SALEM, Ore. — Environmental groups stepped up pressure Tuesday on Oregon Gov. John Kitzhaber to push a state agency to reject permit applications for a proposed coal-export facility on the Columbia River.
The Sierra Club said it has launched radio ads and billboards highlighting health concerns about the Morrow Pacific project. Several hundred activists recently rallied in Portland.
Critics of the project have also organized opposition among business leaders and published a report asserting the project poses risks to tourism and recreational interests.
“We’re calling for leadership from Gov. Kitzhaber to be sure we’re getting the full scope and the full picture of these proposals, and the projects are getting the scrutiny that they deserve from the agencies that he oversees,” said Shane Levy, a Sierra Club spokesman.
Supporters of the project say it would create jobs and provide an economic boost to rural areas of Oregon.
Liz Fuller, a spokeswoman for the project, noted that its critics have accelerated efforts since the Oregon Department of Environmental Quality issued three permits last month covering air quality, water quality and construction storm water.
“We welcome a robust dialogue on the project,” Fuller said.
Ambre Energy, based in Brisbane, Australia, wants to transport coal from Wyoming and Montana through Oregon on its way to power-hungry Asian markets. The company proposed bringing coal by train to Boardman, where it would be loaded on barges at the Port of Morrow and transported down the Columbia River. At the Port of St. Helens, it would be transferred to oceangoing ships.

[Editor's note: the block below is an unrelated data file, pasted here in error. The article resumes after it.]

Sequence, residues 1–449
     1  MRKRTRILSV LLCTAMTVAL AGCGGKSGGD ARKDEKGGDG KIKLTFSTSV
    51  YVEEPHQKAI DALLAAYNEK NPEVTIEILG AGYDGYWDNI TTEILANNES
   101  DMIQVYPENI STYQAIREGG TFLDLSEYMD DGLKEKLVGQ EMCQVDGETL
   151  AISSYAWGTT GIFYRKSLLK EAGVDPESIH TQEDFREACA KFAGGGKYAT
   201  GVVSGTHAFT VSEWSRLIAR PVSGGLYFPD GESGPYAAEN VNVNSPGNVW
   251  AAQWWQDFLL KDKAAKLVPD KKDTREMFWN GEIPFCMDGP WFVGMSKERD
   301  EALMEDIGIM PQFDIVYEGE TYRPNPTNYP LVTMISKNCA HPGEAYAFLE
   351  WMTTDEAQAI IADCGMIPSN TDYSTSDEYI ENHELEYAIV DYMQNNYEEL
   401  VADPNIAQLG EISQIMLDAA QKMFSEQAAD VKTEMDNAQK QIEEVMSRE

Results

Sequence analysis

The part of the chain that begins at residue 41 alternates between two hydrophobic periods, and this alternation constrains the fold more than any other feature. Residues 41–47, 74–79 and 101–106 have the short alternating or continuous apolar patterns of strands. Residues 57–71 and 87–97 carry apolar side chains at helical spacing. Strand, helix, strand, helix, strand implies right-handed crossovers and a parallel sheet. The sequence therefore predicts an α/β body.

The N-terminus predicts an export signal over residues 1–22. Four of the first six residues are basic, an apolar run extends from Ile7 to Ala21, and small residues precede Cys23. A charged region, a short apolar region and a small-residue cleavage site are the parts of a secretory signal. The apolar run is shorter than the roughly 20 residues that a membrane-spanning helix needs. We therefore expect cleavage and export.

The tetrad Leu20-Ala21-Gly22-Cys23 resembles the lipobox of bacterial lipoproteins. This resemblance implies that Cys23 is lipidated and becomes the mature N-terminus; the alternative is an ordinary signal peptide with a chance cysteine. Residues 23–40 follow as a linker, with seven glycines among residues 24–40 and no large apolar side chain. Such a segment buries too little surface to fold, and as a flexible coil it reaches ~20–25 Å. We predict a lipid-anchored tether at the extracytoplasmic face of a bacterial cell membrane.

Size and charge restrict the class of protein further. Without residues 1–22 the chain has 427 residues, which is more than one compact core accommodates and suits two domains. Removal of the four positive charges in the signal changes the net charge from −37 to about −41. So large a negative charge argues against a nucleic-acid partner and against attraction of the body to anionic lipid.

The project has cleared several regulatory hurdles, including the DEQ permits, but faces several more at the state and federal levels. The environmental groups want the Department of State Lands to reject permits for docks in the Columbia River, as well as construction-related activity.
Kitzhaber, Secretary of State Kate Brown and state Treasurer Ted Wheeler make up the three-member board overseeing the land agency, but the pressure has focused primarily on Kitzhaber.
In the Sierra Club radio ads, Dr. Martin Donohoe of Oregon Physicians for Social Responsibility speaks directly to Kitzhaber, “doctor to doctor.” He highlights the organization’s concerns about the health risks of transporting and burning coal, saying it risks increasing the risk of asthma, heart attacks, strokes, cancer and mercury exposure.
Ambre rejects the health concerns, saying coal is an important part of the world’s energy supply and can be safely transported.
The ads will play about 200 times on six Portland radio stations, said Levy of the Sierra Club. Two billboards are going up in Salem and one in Portland, Levy said.